Ingredients: One table-spoonful of vinegar, three table-spoonfuls of olive-oil, one salt-spoonful of pepper, one salt-spoonful of salt, one even tea-spoonful of onion scraped fine. Many use tarragon vinegar, i. e., vinegar in which tarragon has been soaked.
Pour the oil, mixed with the pepper and salt, over the salad; mix them together; then add the vinegar and mix again. Chap-tal says: "It results, from this process, that there can never be too much vinegar: from the specific gravity of the vinegar compared with the oil, what is more than needful will fall to the bottom of the salad-bowl. The salt should not be dissolved in the vinegar, but in the oil, by which means it is more equally distributed through the salad."
This is the usual mode of mixing the salad; but I prefer to mix the pepper and salt, then add the oil and onion, and then the vinegar; and, when well mingled, to pour the mixture over the salad, or place the salad over it, and mix all together. It seems to me to be more evenly distributed in this manner.
Many different combinations can be made to suit the fancy, from the list of salad materials. I will give certain combinations oftenest seen. It must be remembered that salad is never good unless perfectly fresh. It should not be mixed, or brought into the dining-room, until the moment when it is to be eaten.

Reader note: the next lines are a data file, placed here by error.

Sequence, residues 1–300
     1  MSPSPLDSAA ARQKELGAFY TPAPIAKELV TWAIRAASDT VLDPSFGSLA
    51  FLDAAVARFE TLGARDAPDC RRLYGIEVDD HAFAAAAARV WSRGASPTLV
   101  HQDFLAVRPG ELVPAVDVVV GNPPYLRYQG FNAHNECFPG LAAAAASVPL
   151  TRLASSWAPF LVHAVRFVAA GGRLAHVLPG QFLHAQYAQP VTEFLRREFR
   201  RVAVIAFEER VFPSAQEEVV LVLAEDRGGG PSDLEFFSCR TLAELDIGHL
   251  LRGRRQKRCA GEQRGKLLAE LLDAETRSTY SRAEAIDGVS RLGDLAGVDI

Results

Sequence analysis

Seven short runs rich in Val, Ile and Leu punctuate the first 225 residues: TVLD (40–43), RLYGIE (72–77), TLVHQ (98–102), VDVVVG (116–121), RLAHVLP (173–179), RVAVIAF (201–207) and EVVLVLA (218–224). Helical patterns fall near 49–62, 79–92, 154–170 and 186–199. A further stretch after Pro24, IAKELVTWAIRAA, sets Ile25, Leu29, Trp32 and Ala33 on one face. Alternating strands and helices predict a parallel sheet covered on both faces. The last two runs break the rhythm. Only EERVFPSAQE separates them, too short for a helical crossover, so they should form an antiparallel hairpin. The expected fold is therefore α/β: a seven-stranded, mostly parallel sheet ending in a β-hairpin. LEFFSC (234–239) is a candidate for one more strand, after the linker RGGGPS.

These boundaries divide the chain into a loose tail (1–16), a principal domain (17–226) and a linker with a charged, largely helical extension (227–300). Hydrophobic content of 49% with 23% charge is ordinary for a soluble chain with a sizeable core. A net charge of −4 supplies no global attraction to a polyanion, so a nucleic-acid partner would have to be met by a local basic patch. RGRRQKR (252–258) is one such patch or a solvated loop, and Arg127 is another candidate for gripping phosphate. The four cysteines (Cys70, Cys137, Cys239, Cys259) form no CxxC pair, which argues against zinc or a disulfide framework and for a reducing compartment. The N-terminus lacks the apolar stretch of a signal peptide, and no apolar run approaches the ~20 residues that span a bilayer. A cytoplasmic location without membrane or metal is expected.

When preparing lettuce salad, choose the crisp, tender, centre leaves of head lettuce. The kind seen in England and France called romaine, is now much used in New York; it is very crisp and tender. The seeds of this lettuce can be obtained in New York. In the East, tarragon, and endive also, are largely produced, and used to imitate these foreign salads. The tarragon leaves are chopped fine, and mixed in the French dressing (without onion) to use with lettuce. The taste for tarragon is generally an acquired one: I prefer the tarragon vinegar to the fresh leaves, as it has only a slight flavor of the plant.